COLOMBIA — one of the most dangerous places on the planet and epicentre of the global drugs trade.
But the South American country only occasionally breaks through the headlines now, because of attempts to end the 50-year-old war.
It’s the longest running such war, displacing 15% or 6.2m of its 48m-strong population, causing the deaths of a quarter of a million people and the disappearance of many more.
The name of Pablo Escobar — the cocaine king that controlled almost every part of the drugs trade and dictated a large amount of life in Colombia until his death in 1993 — has been resurrected in Narcos, the TV series that tells his story.
The role played by Irish volunteers fighting with Simon Bolivar to liberate the country from Spain in the 1820s was supplanted by IRA volunteers allegedly training with FARC, the Revolutionary Armed Forces of Colombia, around 2005.
But despite the lack of headlines, one of the most extraordinary political changes has been taking place in the country for the past three years with the end in sight as both the government, under President Juan Santos, and FARC agree a deal, brokered in Cuba.
This is not just a “hand in your arms and we will forgive you” deal, its a complex, wide-ranging plan that would see the country normalise, work its way out of the drugs trade, put land back into the hands of the dispossessed, the involvement of the rebels in politics and an amnesty for fighters except for those guilty of the worst crimes.
Eamon Gilmore, former tánaiste, foreign minister and leader of the Labour Party, has been asked to take his experience of cross-border diplomacy with Northern Ireland and represent the European Union’s foreign chief, Federica Mogherini as her international peace envoy.
This is the EU’s and Ms Mogherini’s first step in appointing a specific peace envoy and is similar to the role George Mitchell was appointed to in the Northern Ireland peace process by then US president Bill Clinton. Mr Gilmore’s role will mainly involve the next stage, bedding down the peace with the EU contributing what it can in funds and expertise.
He has visited Bogotá, the capital, and met with various people including President Santos who has agreed a deadline of March 23 for the signing of their peace deal, and plans to hold a referendum on it in June.
“The President made it clear to me they very much welcome the EU support for the process,” said Gilmore.
“The support is recognised in Colombia as the EU bringing an even-handed balanced support of the peace process itself.
“He made it clear that they want to start implementing the agreement once it is signed. There are a number of ways, materially and technically that the EU can help, including the agreed EU Trust Fund for Colombia.”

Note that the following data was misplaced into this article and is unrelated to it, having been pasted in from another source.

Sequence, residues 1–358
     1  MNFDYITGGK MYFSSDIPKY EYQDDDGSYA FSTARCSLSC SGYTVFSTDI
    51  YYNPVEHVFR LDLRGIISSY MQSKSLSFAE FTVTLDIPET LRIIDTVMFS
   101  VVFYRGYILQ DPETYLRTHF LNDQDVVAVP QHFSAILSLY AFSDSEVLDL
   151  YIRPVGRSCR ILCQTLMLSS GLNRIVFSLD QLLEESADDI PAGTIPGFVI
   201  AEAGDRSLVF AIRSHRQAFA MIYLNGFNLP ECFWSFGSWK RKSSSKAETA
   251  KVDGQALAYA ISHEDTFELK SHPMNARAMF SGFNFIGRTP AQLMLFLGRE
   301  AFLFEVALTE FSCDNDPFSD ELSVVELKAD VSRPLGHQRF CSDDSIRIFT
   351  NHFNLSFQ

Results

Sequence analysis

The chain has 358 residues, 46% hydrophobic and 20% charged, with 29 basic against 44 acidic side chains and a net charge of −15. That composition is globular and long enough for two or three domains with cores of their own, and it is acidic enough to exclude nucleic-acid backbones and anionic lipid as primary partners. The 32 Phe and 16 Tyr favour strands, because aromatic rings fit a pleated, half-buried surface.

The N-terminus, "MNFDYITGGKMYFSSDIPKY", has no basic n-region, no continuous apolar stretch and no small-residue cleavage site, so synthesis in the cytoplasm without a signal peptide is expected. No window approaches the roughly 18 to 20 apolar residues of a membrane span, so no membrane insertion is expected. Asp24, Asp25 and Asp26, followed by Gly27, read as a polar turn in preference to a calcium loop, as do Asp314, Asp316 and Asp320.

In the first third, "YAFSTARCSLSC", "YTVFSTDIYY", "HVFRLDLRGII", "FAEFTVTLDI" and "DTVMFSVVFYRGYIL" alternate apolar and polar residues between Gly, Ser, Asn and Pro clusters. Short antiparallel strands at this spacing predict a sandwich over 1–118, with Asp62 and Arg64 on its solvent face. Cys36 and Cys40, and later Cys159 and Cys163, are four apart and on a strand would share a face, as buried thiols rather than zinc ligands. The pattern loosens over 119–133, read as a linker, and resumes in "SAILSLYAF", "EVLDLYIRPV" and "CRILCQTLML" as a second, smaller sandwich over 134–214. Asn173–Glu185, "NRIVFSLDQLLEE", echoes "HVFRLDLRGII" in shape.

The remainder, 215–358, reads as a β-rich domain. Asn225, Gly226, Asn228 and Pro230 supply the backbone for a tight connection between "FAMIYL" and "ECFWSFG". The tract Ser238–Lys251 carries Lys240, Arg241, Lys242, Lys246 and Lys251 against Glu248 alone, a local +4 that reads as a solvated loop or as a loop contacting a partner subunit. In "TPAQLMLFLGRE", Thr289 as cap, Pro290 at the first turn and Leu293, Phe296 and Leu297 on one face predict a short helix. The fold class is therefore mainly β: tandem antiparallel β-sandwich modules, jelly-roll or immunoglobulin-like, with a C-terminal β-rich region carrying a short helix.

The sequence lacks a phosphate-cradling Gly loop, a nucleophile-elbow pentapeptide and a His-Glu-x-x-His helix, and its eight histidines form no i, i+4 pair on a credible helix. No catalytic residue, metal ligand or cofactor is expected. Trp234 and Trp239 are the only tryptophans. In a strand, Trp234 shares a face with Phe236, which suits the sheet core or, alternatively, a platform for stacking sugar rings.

Both the EU and its member states will have a lot to contribute through programmes that have helped poorer European states such as with rural development, land reform. They will also have to help ween people off growing coca and substitute it for other crops.
Countries, including Ireland, also have practical experience of implementing post-conflict agreements, including those involving people in local government that he says can help.
“The people of Colombia have suffered so much, there is political will to resolve this now and also an opportunity for Europe to contribute in a very practical way to what is the only major conflict in the western hemisphere now,” he said.
One of the big steps making this possible was the joint agreement reached in September between President Santos and the leader of FARC, Rodrigo London known as Timochenko, on what is called transitional justice for crimes. They have also agreed to create a “truth and justice” commission to investigate the deaths and disappearances.
Not all the crimes were committed by FARC — there are many guerrilla organisations in the country and it is hoped that they too, including the ELN which is the most prominent will take advantage of the situation to lay down their arms also. Right-wing paramilitary groups set up to battle FARC are responsible for the majority of killings, tortures and disappearances according to the National Centre for Historical Memory.
However not everyone is happy with the agreement, with many victims seeing it as allowing the killers of their loved ones to get off free. The former president, Alvaro Uribe, has criticised the peace deal championed by his former defence minister, President Santos. His tough line against FARC is credited with bringing them to the negotiating table.
The agreement will also offer a challenge to the traditional approach to fighting against illegal drugs at a time when the United Nations is urging countries to reconsider their approach, to legalise and control them instead and divert the massive resources spent on fighting the drug traffickers to education and substitution. They point to the fact that the current situation is not helping anybody with producer countries like Colombia getting about 2.6% of the street value of the drugs — and the rest going to those further up the line in the more wealthy countries.